A New Way to Lower Bad Cholesterol and Keep it Low for People with Known Heart Disease

Having high LDL cholesterol, commonly referred to as “bad” cholesterol, may lead people to blame themselves and their lifestyle. But eating heart-healthy foods, getting more exercise and, in many cases, taking a daily cholesterol medication, called a statin, is sometimes not enough, especially for people with known heart disease, or atherosclerotic cardiovascular disease (ASCVD), who have already experienced having an event like a heart attack or a stroke.

This situation is more common than you think. In fact, approximately 80% of people with heart disease who take a statin, the current standard of care for lowering bad cholesterol, are still unable to meet and/or maintain their cholesterol target1.

“My heart attack was my warning sign. Now I’m taking my medication, exercising every day and eating healthy,” says Brad Helms, who ignored his high bad cholesterol and the warning signs his body gave him before he had a heart attack. “I’m also checking in with my cardiologist regularly to ensure I am keeping my cholesterol under control.”

When it comes to lowering cholesterol, sometimes medicine and lifestyle changes may not be enough to get you where you need to be. “In some cases, a high cholesterol level can be an inherited genetic predisposition,” says Dr. Norman Lepor, a Los Angeles based cardiologist. “But identifying the problem is only half the battle—many patients do everything their doctors ask, and still have cholesterol levels that are too high for them. It can be frustrating and challenging, especially if they are also managing other diseases like diabetes and hypertension or have side effects from their prescribed cholesterol lowering medication. They may decide to give up because they feel like they’ve failed and there’s nothing else they can do.”

Fortunately, there is a newly approved treatment, a medicine called Leqvio® (inclisiran), that has been approved to work with statins and a healthy diet to lower bad cholesterol in certain patients with known heart disease. The medicine is administrated by a health care provider and may fit seamlessly into a patient’s appointment schedule as it’s given twice a year after two initial doses2,3. Leqvio was shown to help keep high cholesterol down over each six-month dosing period2,3.

Meeting the cholesterol target

“Be sure your cholesterol level is checked regularly by your provider and that you go over where your LDL cholesterol goal should be,” Dr. Lepor says. “Without proper management, high cholesterol can silently accumulate over the years.”

With a healthy diet, statin therapy and the development of Leqvio, Dr. Lepor believes we will be able to offer patients with known heart disease a treatment that lowers cholesterol and keeps it low through each six-month dosing interval.

“Leqvio is a new type of therapy that works differently from other currently approved cholesterol-lowering treatments,” Dr. Lepor says. “It works with the body’s natural processes to block the creation of a specific protein that circulates in the blood and plays a role in keeping cholesterol levels high. Leqvio improves the liver’s natural ability to remove bad cholesterol from the bloodstream, helping to lower your LDL cholesterol.”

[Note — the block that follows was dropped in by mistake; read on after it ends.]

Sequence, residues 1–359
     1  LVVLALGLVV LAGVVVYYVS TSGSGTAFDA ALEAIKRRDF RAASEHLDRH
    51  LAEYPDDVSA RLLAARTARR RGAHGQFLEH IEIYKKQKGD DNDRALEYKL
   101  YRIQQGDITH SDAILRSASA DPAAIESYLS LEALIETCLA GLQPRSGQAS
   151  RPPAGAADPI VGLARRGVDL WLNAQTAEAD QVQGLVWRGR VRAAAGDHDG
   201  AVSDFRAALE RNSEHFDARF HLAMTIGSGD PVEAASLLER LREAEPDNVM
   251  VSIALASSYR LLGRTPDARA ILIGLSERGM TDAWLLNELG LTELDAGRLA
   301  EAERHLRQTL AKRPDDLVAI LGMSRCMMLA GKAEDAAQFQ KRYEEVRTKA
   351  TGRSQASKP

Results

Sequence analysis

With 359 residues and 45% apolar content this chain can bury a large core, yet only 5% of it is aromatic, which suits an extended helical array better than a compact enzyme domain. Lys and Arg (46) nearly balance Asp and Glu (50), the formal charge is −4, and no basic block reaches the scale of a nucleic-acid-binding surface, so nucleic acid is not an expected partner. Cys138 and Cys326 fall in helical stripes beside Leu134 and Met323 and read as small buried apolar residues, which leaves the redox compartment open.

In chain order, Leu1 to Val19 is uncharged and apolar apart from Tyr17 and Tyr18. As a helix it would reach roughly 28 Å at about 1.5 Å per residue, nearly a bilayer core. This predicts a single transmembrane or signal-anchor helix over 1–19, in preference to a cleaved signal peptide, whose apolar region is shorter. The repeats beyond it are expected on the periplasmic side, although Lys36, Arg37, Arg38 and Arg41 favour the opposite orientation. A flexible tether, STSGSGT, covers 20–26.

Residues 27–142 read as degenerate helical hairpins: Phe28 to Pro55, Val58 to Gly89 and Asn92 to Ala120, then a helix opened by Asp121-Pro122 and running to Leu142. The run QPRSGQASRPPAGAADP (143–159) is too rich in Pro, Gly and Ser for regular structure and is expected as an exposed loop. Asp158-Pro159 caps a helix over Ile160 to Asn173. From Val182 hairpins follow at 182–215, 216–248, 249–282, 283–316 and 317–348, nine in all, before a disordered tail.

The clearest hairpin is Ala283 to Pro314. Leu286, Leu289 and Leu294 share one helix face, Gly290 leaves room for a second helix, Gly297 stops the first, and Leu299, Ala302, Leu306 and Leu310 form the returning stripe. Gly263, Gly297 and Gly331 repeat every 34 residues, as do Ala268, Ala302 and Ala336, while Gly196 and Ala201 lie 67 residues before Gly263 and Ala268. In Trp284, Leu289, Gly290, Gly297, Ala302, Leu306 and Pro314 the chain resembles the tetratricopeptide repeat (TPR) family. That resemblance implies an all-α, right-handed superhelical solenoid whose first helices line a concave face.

More than 8 out of 10 (84%) patients treated with Leqvio in one clinical trial achieved the guideline-recommended LDL-C target (<70 mg/dL)4,5. Those who are struggling to manage their cholesterol should talk to their health care provider to see if Leqvio is right for them.

“The most crucial thing you should know is not to give up and blame yourself for your high cholesterol,” Dr. Lepor says. “Many people struggle with lowering their bad cholesterol and keeping it down. What’s important is to keep talking to your doctor about what more can be done to help.”

To learn more about Leqvio, visit www.leqvio.com.

What is Leqvio?

Leqvio (inclisiran) is an injectable prescription medicine used along with diet and other lipid-lowering medicines in adults who need additional lowering of “bad” cholesterol (LDL-C) and have known cardiovascular disease and/or heterozygous familial hypercholesterolemia (HeFH), an inherited condition that causes high levels of LDL-C. It is not known if Leqvio can decrease problems related to high cholesterol, such as heart attacks or stroke.


The most common side effects of Leqvio were: injection site reaction (including pain, redness and rash), joint pain, urinary tract infection, diarrhea, chest cold, pain in legs or arms and shortness of breath.

These are not all the possible side effects of Leqvio. Ask your health care provider for medical advice about side effects. You are encouraged to report negative side effects of prescription drugs to the FDA. Visit www.fda.gov/medwatch, or call 1-800-FDA-1088.

Please click here for Leqvio full Prescribing Information.


  1. Wong ND, Young D, Zhao Y, et al. Prevalence of the American College of Cardiology/American Heart Association statin eligibility groups, statin use, and low-density lipoprotein cholesterol control in US adults using the National Health and Nutrition Examination Survey 2011-2012. J Clin Lipidol. 2016;10(5):1109-1118.
  2. Ray KK, Wright RS, Kallend D, et al. Two Phase 3 trials of inclisiran in patients with elevated LDL cholesterol. N Engl J Med. 2020;382(16):1507-1519.
  3. Raal FJ, Kallend D, Ray KK, et al. Inclisiran for the treatment of heterozygous familial hypercholesterolemia. N Engl J Med. 2020;382(16):1520-1530.
  4. Leqvio prescribing information. East Hanover, NJ: Novartis Pharmaceuticals Corp; 2021.
  5. Grundy SM, Stone NJ, Bailey AL, et al. 2018 AHA/ACC/AACVPR/AAPA/ABC/ACPM/ADA/ AGS/APhA/ASPC/NLA/PCNA Guideline on the Management of Blood Cholesterol. Circulation. 2019;139:e1082–e1143.

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East Hanover, New Jersey 07936-1080

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